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Hugelkultur question -- Can I immediately sow seeds in new bed?

 
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Hi, I have a tree I cut down and have several small limbs and twigs that have been sitting in a pile since September (fall) of last year.   I am building a couple new 4' x 4' raised garden beds 18" deep.

Can I put say 6 inches of branches and twigs at the very bottom of the new beds, fill with dirt to 12" and then top with compost / peat the remaining 6 inches.. and then immediately sow my spring garden into them?

Or will the small limbs and twigs draw too much nitrogen from the compost and make the new soon to be seedlings suffer?

My goal is to save money on the disposal of the limbs and twigs, and fill soil for the bed.
 
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You likely want to get a cover crop in there to deter unwanted travellers. Why not sow some nitrogen fixing chop-n-drop to enhance the soil?
 
Jennifer Lowery
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Simon Gooder wrote:You likely want to get a cover crop in there to deter unwanted travellers. Why not sow some nitrogen fixing chop-n-drop to enhance the soil?



What is "nitrogen fixing chop-n-drop"?  Sorry I am a newbie.  I just started gardening in the fall, built four 4' x 4' raised beds 18" deep.  I want to add two more in the next few days so I can start my spring crop.   I'd like to have all six beds producing me vegetables this spring.  Have no clue what chop & drop is sorry.  I feel dumb!
 
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Hi Jennifer, I think you can sow seeds right away.  With a tall/steep hugel you want to sow them immediately and mulch so that the seeds can knit the soil together before the hugel falls apart in a heavy rain.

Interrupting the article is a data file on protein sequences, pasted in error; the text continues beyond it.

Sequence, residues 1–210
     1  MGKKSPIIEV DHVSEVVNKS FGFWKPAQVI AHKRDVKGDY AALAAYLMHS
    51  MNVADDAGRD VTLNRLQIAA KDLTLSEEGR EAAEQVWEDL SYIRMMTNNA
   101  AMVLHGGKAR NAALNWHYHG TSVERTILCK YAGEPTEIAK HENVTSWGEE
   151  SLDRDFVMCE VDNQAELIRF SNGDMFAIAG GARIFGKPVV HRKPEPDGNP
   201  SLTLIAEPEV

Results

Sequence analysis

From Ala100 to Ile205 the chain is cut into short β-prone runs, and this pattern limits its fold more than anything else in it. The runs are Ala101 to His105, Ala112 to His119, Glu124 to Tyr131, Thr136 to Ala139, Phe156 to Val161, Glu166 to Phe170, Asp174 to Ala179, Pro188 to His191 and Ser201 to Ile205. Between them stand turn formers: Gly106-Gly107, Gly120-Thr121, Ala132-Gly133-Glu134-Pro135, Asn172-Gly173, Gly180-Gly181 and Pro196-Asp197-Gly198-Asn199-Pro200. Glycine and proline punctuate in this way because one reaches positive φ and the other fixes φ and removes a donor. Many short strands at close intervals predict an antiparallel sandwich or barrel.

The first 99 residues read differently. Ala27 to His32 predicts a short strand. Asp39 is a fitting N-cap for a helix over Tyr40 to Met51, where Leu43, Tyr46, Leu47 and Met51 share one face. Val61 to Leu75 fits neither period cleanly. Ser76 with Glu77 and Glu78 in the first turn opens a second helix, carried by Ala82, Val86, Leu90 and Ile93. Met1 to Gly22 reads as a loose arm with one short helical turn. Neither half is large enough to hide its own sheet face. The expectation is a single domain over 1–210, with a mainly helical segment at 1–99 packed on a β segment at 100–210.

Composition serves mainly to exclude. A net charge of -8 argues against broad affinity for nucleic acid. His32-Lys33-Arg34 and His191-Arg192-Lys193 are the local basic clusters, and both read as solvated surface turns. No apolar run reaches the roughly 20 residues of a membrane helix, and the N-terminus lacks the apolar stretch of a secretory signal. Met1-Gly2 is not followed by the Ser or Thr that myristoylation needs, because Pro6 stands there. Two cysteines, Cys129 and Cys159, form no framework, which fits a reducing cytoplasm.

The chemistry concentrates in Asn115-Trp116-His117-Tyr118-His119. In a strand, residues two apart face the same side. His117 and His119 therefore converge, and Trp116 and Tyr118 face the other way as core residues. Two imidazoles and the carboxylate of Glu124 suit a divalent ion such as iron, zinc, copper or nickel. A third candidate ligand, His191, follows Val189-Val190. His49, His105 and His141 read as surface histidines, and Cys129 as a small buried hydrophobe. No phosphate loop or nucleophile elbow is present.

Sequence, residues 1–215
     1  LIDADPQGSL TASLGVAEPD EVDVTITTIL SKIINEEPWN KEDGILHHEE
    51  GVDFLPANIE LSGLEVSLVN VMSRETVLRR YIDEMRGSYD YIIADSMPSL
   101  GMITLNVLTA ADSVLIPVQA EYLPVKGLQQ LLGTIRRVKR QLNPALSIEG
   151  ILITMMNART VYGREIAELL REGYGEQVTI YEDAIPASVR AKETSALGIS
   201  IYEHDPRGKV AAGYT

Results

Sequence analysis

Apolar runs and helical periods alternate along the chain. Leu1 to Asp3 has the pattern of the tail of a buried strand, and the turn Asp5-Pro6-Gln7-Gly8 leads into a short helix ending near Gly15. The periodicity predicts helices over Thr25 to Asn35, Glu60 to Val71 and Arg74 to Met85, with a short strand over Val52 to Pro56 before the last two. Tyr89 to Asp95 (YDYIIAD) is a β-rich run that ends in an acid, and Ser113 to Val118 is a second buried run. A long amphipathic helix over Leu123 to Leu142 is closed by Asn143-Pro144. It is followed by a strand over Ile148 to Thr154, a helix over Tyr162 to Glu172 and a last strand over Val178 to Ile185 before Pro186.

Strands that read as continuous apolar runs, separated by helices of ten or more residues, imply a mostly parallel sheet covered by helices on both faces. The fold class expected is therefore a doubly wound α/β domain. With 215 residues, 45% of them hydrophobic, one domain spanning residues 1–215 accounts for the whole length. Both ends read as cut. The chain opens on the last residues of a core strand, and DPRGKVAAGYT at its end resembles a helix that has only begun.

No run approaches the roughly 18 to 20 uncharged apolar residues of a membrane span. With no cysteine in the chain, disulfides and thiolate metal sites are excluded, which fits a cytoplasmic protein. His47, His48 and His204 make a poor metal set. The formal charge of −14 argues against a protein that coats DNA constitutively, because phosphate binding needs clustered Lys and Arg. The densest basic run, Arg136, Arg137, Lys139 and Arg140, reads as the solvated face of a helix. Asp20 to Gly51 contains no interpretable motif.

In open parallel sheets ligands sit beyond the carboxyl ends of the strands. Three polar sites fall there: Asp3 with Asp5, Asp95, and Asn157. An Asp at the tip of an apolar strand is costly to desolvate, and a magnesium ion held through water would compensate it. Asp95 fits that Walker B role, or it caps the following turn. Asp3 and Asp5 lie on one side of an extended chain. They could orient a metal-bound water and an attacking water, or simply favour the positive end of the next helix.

For what it sounds like you're doing, the erosion is less of an issue but seeds can still go in immediately.  The nitrogen sucking of the twigs is likely only an issue within a millimeter of the twigs (if at all) so I wouldn't worry about it.

You may do just fine by skipping the peat by the way.  I hear it's not that renewable a resource.

And you're not dumb at all.  Simon just hit you with some permaculture jargon that we all eventually learn.  

Chop and drop is when you hack down undesirable plants and use them to mulch your desired plants.  Nitrogen fixer is a plant that makes nitrogen and puts it into the soil, especially when it's chopped or killed.  Legumes and clovers are common nitrogen fixers but there are many.

So I believe Simon's suggesting that you plant something like clover, alfalfa, peas or other nitrogen fixers and then hack them down once they get some decent growth on them and mulch the bed with them.  If you have a long enough season that you could do that prior to planting your garden, it's an option.  If it would consume your whole growing season, I'd likely just plant my veggies and take it from there.

Good luck and we're here for you :)
 
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